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White pigs surrounding a feeder in a pen. National Pork Board

K-State soybean meal study reveals energy boost for swine

Researchers find feeding increasing amounts of soybean meal increases the net energy value to approximately 105% and 121% of the energy provided by corn.

Kansas State University researchers have discovered that soybean meal, a common feed ingredient in swine diets, can provide higher levels of energy to growing pigs than originally thought.

Their work included feeding more than 2,200 mixed-gender nursery pigs with varying amounts of soybean meal for 21 days, then comparing their findings to the energy commonly provided in corn diets.

“For a long time soybean meal has been thought to provide about 78% (of) the energy value as corn,” says Bob Goodband, a swine nutritionist with K-State Research and Extension. “So it hasn’t been thought of as a significant source of energy. What we found was that feeding increasing amounts of soybean meal increases the net energy value to approximately 105% and 121% of the energy provided by corn.”

Goodband notes that soybean meal is the primary plant protein source for swine diets in the United States. Soybean meal is a good source of amino acids, which are important for building protein and muscle growth in swine. By changing the amount of soybean meal in swine diets, the K-State researchers were essentially trying to find the energy value of soybean meal measured by its improvement in feed efficiency for those animals.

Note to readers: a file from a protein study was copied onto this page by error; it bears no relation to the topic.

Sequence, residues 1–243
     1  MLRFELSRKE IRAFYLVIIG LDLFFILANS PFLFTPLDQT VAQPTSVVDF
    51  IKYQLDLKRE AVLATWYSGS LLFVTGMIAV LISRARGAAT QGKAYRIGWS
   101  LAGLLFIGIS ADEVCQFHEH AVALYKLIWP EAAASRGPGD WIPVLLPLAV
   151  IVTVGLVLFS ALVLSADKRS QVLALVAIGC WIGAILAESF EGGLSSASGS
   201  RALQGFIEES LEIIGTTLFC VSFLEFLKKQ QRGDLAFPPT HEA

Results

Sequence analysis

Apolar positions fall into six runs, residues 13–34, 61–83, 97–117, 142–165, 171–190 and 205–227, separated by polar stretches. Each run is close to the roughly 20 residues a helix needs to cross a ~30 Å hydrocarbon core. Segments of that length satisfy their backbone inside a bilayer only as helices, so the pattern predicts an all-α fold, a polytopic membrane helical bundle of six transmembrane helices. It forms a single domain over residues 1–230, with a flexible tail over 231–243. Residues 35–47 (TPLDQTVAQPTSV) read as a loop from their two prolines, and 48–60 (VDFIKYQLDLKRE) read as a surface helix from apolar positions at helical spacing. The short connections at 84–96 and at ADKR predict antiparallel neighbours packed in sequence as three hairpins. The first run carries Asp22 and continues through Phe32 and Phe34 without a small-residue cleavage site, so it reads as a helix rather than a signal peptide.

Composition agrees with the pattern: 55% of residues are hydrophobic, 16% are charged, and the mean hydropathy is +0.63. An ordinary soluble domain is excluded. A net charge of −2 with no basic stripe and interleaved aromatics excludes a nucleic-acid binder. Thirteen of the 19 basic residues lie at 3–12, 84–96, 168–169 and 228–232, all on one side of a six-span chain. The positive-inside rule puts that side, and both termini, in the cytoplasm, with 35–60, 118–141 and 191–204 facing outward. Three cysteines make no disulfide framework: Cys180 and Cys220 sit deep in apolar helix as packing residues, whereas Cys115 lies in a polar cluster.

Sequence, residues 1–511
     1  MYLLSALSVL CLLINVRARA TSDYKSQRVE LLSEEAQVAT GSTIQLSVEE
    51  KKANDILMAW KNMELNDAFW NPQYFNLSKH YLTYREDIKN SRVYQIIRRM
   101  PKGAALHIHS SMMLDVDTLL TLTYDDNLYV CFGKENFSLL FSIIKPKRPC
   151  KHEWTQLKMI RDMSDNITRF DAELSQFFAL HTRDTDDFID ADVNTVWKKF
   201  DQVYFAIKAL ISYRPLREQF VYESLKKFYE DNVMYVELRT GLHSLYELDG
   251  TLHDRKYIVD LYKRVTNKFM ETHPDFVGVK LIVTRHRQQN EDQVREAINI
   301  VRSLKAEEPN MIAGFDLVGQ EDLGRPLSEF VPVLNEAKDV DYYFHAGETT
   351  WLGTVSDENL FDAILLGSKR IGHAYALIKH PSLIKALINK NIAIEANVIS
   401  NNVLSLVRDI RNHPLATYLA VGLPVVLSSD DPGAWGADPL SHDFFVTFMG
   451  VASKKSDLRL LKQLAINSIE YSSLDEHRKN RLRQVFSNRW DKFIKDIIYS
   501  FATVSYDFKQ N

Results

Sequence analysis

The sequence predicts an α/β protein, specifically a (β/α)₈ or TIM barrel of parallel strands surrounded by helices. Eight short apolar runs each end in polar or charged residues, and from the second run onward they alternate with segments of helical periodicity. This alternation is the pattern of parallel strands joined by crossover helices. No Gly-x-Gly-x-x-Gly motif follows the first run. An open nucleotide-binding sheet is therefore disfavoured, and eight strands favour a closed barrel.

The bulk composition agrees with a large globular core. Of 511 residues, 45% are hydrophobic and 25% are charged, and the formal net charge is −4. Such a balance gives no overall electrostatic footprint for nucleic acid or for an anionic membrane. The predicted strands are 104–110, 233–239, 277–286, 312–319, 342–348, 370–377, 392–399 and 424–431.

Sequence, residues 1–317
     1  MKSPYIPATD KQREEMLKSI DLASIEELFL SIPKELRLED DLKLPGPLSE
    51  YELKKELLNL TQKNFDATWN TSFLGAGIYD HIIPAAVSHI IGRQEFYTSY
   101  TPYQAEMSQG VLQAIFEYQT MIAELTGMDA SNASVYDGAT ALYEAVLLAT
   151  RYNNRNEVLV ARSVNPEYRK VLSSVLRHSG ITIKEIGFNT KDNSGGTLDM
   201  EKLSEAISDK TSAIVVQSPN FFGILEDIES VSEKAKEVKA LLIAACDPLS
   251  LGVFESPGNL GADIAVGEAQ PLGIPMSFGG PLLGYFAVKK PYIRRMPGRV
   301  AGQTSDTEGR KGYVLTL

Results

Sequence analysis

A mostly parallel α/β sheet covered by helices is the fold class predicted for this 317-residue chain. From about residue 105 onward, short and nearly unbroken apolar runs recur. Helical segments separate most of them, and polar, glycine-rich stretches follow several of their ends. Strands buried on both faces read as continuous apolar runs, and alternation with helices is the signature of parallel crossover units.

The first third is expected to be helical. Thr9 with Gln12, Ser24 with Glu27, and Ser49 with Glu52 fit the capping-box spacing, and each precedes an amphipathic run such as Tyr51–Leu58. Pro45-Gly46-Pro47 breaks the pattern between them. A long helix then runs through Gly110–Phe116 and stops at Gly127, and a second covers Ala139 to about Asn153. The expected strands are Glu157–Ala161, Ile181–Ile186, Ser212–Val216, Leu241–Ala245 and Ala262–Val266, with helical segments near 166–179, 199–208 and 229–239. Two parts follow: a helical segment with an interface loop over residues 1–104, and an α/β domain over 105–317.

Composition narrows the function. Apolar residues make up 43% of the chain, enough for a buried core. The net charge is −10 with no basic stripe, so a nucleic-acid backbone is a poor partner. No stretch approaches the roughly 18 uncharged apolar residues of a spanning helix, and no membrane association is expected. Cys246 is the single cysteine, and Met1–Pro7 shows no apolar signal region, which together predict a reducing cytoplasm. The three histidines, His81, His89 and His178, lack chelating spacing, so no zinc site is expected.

“Our findings will allow nutritionists to have a better understanding of the energy content of the complete diet, and therefore make the appropriate adjustments to the other nutrients in the diet,” Goodband says. “This will hopefully be a potential benefit for producers by making pigs more efficient. Now that we know exactly how much energy is in soybean meal, we can adjust our diets accordingly and hopefully see improvements in gain and efficiency.”

As with all new management techniques, producers interested in adjusting their feed strategies should consult with a nutritionist or contact their local K-State Research and Extension agent for assistance.

Goodband says the findings related to soybean meal will be presented during the annual K-State Swine Day, which is taking place in Manhattan on Nov. 21. Registration for that event costs $25 through Nov. 12, $50 afterward. Students can attend Swine Day for free if they pre-register.

For information or to pre-register, visit the website for the Department of Animal Sciences and Industry.

Source: Kansas State University Research and Extension, which is solely responsible for the information provided, and wholly owns the information. Informa Business Media and all its subsidiaries are not responsible for any of the content contained in this information asset.
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